In the push for board diversity, investors simply want to know that boards have the right mix of skill sets, backgrounds, and perspectives to address the emerging strategic issues that all companies face. As customer data, cybersecurity, and digital marketing become increasingly critical to today’s organizations, boards are reaching out to younger directors to ensure they have the right generational perspectives to advance their products and services into the future. Age is quickly becoming a diversity focus, and institutional investors are lining up in support.
At CalSTRS, we understand and look for boards that reflect diversity in a multitude of ways. One vital way is in age diversity and tenure, because we believe that an effective board should have both short- and long-tenured directors to ensure that fresh perspectives are provided and that experience, continuity, and stability exist on the board. Ultimately, it comes down to what supports the creation of long-term value for shareholders.
— Aeisha Mastagni, Portfolio Manager at CalSTRS Corporate Governance
Boardroom Resources, in partnership with Spencer Stuart, has just launched Next Gen Board Leaders, a new community designed to highlight the value young directors can bring to emerging areas of board oversight and strategy. Julie Daum, Leader of Spencer Stuart’s North American Board Practice, and Caroline Tsay, 35-year-old board member with Rosetta Stone and Morningstar, join host TK Kerstetter to discuss what Next Gen Board Leaders hope to achieve within the corporate board landscape.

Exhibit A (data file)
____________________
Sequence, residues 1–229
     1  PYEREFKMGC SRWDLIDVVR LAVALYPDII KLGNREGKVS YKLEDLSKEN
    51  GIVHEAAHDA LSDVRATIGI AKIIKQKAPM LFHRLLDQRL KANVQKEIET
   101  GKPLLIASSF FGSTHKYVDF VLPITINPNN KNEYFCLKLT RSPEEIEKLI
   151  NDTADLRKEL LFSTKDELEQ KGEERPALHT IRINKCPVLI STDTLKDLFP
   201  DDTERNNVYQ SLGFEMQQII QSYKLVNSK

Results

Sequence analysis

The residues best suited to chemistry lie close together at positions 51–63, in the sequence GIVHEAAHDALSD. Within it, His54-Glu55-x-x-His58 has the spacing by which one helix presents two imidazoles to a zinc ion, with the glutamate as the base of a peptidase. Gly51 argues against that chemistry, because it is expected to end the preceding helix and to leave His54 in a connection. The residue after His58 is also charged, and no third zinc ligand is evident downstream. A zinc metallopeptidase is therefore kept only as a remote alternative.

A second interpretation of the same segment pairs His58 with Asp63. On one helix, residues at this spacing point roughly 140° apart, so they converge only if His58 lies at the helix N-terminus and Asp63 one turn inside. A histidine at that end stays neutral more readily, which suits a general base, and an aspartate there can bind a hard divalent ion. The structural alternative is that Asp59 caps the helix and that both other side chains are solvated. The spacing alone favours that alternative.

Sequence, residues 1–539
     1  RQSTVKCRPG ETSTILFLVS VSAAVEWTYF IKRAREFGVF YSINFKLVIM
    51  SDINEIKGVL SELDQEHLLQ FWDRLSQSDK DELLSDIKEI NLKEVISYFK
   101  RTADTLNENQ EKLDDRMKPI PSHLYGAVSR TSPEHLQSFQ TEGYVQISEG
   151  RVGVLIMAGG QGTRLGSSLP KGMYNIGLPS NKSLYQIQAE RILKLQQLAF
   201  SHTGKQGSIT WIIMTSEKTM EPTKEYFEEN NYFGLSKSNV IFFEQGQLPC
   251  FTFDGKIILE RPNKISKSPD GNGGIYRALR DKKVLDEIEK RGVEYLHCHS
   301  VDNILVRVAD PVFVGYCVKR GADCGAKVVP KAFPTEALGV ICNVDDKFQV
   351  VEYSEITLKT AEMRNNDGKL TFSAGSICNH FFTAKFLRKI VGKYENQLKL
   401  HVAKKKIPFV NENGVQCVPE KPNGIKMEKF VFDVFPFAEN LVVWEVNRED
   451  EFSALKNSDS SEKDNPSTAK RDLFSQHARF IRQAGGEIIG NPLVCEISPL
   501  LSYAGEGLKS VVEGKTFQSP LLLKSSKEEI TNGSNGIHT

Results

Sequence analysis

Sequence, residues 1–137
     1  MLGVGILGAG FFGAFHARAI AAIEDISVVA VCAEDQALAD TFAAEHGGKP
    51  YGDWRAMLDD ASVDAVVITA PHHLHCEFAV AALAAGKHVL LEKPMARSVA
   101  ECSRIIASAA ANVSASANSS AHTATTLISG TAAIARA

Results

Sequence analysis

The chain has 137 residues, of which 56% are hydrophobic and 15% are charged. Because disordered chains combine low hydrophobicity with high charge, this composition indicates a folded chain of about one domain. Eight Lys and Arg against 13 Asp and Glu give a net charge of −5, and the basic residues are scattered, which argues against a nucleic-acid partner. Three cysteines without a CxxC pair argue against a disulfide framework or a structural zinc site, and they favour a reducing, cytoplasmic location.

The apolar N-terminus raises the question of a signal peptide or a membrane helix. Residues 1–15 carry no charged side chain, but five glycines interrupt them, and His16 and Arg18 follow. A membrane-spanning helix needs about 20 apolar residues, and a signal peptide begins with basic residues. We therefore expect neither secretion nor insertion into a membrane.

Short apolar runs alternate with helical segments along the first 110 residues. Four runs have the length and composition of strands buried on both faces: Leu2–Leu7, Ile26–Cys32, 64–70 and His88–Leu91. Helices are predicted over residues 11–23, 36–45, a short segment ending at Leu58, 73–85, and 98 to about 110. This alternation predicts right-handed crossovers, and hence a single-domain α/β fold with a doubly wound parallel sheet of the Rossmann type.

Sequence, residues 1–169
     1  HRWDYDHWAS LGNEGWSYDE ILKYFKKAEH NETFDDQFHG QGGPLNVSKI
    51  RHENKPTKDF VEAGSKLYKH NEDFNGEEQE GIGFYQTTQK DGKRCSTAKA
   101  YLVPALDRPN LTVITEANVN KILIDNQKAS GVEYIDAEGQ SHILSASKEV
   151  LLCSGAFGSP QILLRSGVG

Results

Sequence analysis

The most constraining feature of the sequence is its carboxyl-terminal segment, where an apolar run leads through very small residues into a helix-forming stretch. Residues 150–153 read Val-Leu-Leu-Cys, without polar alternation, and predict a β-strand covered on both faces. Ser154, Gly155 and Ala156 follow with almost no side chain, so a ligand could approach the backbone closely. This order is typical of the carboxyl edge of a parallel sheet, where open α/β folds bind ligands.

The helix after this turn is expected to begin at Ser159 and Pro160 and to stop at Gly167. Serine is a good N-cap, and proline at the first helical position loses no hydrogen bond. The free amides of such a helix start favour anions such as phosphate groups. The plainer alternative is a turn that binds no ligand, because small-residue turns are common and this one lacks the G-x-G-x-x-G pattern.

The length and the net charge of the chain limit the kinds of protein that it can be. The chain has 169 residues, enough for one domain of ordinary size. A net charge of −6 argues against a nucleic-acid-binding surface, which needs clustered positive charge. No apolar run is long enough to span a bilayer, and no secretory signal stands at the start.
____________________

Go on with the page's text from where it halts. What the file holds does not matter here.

At the core of this new community is the Advisory Council, a group of ten public-company directors in their 30s and 40s. This diverse group of board members recently met in New York City for the first-ever Next Gen Board Leaders “Mini-Summit,” which allowed them to swap experiences and discuss governance topics through a generational lens.
“If you’re a director joining at age 35, and your board has a retirement age of 75, chances are you don’t want to serve on that board for 40 years – nor is that productive for the company,” said Daum. “It changes the dialog that boards are going to have around board turnover.”
Board tenure, onboarding, shareholder engagement, committee structure, technology & innovation – these are just a few of the topics that will be explored by this group of next-gen directors throughout the year.
I think [Next Gen Board Leaders] will also spawn a conversation and generate awareness around board leaders and how they think about incorporating new board members like us. I also think it forces a change in the way that you think about a board member’s role and their contribution across the board.
— Caroline Tsay, Advisory Council Chair